This is a service economy we’re living in, so you when you purchase something you should expect some support. Look for authors who offer regular and consistent help on their Support Forum.
First, read the forum entries to see what kinds of problems people are having. Second, check the dates to see how quickly and how often the author responds. Also, check the kinds of answers he/she gives. The best author offers snippets of code for you to drop into your files. The worst is not even there.
The other thing to seek is Theme Options, a set of pages to control it. Theme Options allow you to customize without resorting to code.
Often, the options can be extensive. This site’s theme, Inovado, has a multitude of options, making this site a pleasure to customize.
Responsive and Retina
Your web site will be seen by all kinds of devices in this modern world, so pick a theme that is “Responsive” to the screen. Responsive ones will rearrange the elements to fit the device it’s being viewed on. With Responsive, readers don’t have to zoom in order to click on a nav bar or a Call to Action.
Retina display is a higher pixel density invented by Apple for the IPhone, IPod touch, IPad and MacBook Pro. Developers are making their themes “Retina ready” to accommodate this new, higher standard of pixelation.
The Right Choice
Themes are a little like wine: your favorite is the one in front of you. But don’t be dazzled by flashy features. Choose your theme based on your level of experience and online needs.
If you know nothing about WordPress and are keen for the hottest, fastest, sexiest theme available, it would be like driving a Ferrari before you have a driver’s license.
Beginners should start with free themes and play with lots of them.
Experienced users should simply be realistic in their needs and goals, spend according to budget, and not waste money on too much functionality.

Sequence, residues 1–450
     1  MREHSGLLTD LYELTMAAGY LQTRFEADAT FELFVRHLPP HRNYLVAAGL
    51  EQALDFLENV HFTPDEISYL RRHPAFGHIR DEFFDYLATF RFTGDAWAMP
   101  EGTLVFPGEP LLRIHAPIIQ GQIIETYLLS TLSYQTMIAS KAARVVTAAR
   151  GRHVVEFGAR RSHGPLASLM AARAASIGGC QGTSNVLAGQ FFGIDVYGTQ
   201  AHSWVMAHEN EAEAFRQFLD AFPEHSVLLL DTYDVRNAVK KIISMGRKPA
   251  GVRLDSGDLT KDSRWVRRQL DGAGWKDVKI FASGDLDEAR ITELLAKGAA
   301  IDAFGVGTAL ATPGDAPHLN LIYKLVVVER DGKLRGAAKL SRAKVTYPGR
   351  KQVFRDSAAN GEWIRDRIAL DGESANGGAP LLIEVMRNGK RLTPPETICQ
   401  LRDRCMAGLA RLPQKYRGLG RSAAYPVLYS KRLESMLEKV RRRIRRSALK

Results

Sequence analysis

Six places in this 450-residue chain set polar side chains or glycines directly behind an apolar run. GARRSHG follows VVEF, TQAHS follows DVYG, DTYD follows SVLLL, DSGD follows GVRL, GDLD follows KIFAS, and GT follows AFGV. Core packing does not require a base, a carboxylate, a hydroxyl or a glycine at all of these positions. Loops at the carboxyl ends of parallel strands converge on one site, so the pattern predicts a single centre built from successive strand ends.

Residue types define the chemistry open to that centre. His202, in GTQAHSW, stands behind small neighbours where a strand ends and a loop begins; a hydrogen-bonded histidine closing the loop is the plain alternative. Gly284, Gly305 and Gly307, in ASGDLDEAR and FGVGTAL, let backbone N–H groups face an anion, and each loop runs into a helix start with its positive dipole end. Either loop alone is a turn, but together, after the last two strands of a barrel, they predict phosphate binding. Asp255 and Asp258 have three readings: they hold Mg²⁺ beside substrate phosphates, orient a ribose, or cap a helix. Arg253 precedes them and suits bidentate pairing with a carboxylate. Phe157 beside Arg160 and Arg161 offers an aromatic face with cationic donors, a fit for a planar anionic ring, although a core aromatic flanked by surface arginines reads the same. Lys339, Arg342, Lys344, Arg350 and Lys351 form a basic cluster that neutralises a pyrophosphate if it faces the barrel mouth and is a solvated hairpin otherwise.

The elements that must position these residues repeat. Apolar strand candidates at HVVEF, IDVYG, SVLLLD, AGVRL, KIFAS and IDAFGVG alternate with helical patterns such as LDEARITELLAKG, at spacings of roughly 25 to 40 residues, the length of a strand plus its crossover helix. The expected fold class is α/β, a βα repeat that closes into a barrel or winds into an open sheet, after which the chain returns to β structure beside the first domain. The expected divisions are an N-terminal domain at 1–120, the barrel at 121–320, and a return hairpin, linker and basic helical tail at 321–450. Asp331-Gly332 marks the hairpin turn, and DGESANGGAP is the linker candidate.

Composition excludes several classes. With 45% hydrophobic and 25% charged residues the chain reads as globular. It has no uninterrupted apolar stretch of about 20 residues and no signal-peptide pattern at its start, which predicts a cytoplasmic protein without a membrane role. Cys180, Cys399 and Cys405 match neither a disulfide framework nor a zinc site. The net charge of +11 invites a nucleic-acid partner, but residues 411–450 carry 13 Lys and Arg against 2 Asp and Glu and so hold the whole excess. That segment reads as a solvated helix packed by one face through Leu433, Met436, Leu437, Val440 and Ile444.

Install Your Theme
Installing a theme is easy. Go to Appearances>Themes and pick a free theme from the directory there. You can read details, preview, or just hit install. WordPress will let you know when the install is successful. If your site was populated with data, everything will fall into the place it belongs. Now, pat yourself on the back.
For a premium theme, go to the same place, click on install, search for the zipped download on your hard drive and upload it. Sometimes a premium theme has too much stuff in the zip file which must be opened and the theme folder re-zipped as only the theme name.
The biggest issue I’ve encountered when changing themes is with the Navigation Menu. If you have already established your navigation menu, you must go back to Appearances>Menu and re-point the menu.
Your premium theme will come with Documentation, which may come in the form of a web page, pdf, demo, and even video tutorials. Find them and read or watch them. The information will come in handy when you start building your site.
Next week, in Step 4 of Create a WordPress Website we’ll add a few essential plugins to help you getting started with your website build.
Meanwhile, any questions?